The full version of this interview appeared in Cycle Sport June 2009 issue
As Heinrich Haussler sensed the shadow on his left shoulder, he must have known instinctively who it was.
Only one man could have produced such an explosive jump to draw level so late. He didn’t need to see the yellow, white and black flashes of the Columbia jersey to know it was Mark Cavendish, and by the time he sensed the shadow, he also would have known it was too late.
Haussler let out a strangled cry as he crossed the line. “Uuurrrghh.” It was the cry of a man who had reached out to claim greatness only to be stung by its scorching heat, before withdrawing his hand in shock, and then instantly wishing he’d been able to hold on to it.
Haussler knew Cavendish had won. Cavendish knew he’d won. As Haussler’s shoulders slumped, Cavendish threw his arms in the air. Before he’d even come to a halt, he was in tears. The pent-up emotion of a life-changing victory, mixed with the extreme release of aggression and adrenaline he’d needed to get to the line first, came spilling out of him. Tears of joy, relief, exhaustion, vindication, even. Point proven.
“It was a desperation sprint, that line was coming up so fast, but I knew I’d got it. I was going absolutely full gas. I never sprint full gas, except at the Tour de France, but I was giving it everything. You can tell because of how low I am. My chin is almost on the stem.
“It might look close on TV, but you know. When Bennati beat me by a centimetre and a half at the Giro, I knew I’d lost.” Cavendish is smiling at the memory. Whether he’s thinking of the spring sunshine which dappled San Remo that afternoon, or basking in the moment of glory is doubtful. Cavendish deals in wins and losses. Sometimes, the way he talks gives the impression that his mind contains a huge chalkboard on which he’s constantly keeping score. Won that one, won that. Lost that. Won that. Three-one to me.
Cavendish hasn’t lost many. He’s worked out that he wins one in every seven road races he starts. Before Milan-San Remo, Cavendish was going out of his way to put his chances into perspective. For once, he did not take umbrage at the suggestion that a race was too long, or too hilly, or that he was too young. Instead, he let people get on with it. It must have taken some willpower not to bite, because if there’s something Cavendish dislikes, it’s people making assumptions about him.
To be fair, he wasn’t sure whether he could win it this season, but it was very definitely part of the picture when he sat down to plan his objectives late last year. So when the media came to draw up their list of favourites, Cavendish was actually happy to have a question mark over him. It was all part of a game plan that relied on a bit of old-fashioned kidology. Mind games.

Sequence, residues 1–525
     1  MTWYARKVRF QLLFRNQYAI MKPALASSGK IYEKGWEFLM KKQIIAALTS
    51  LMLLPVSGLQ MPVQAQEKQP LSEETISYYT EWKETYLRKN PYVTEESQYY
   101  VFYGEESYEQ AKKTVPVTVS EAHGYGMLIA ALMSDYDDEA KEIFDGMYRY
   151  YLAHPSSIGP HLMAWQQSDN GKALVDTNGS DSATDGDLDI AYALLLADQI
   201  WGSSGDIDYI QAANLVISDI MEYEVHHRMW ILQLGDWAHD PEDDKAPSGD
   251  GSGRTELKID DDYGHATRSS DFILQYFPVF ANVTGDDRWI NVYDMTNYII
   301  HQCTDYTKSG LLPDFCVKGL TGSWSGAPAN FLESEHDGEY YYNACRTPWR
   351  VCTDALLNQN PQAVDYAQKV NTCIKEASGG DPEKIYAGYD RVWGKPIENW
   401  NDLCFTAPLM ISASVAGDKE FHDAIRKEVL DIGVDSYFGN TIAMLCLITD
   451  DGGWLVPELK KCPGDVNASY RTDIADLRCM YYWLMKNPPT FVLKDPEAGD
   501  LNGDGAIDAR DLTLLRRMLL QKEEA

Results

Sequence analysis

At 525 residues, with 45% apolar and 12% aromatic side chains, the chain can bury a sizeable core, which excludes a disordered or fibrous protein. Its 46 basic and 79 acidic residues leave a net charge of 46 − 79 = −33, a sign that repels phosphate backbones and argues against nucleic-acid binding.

“Everything I did and said was designed to make people think I couldn’t be there at the finish,” he says, explaining his strategy. “I wasn’t sure I could win it this year. I knew I could win Milan-San Remo at some point in my career, but it took Mario Cipollini 13 years. It could have taken me 13 years.
“People think I can’t climb. Tom Boonen said I couldn’t get over a railway bridge. I wanted them to keep thinking that. I needed them to keep thinking that.”
Last winter, Cavendish lost weight, and by March he was already at 69 kilograms, the weight he was during last year’s Tour de France. He knew he had to be lighter, but he didn’t know if the old assumption that a little bit of power would drop off with the weight held any truth.
Then came the cunning bit. “In Eroica, I made sure I got dropped with a few team-mates around me, and I made sure it was on TV. I knew people would look at it and say ‘Well, he’s not going to win Milan-San Remo climbing like that.'”
Journalists in Italy actually remarked on how well Cavendish was climbing at the Eroica, though. “I was climbing well,” he says. “Really well, but most people just look at the results. They go ‘Oh he lost six minutes so he must be going shit’. But the results don’t tell you everything.”
Tirreno-Adriatico, the week-long stage race before Milan-San Remo, is where the favourites like to prepare, but Cavendish was playing more mind games. “On the first day I really did have a mechanical,” he protests. Just as they were approaching the climb near the end of the stage, his chain jammed, jumping off the jockey wheels under the rear mech and coming out of the cage which is supposed to keep it in place.
“I had to change bikes,” he says. “I don’t lose it anymore when I have a mechanical problem, I just accept it, but that day it worked out for me. On the climb I was actually coming past people, but no one saw that, so they just see I was seven minutes down.”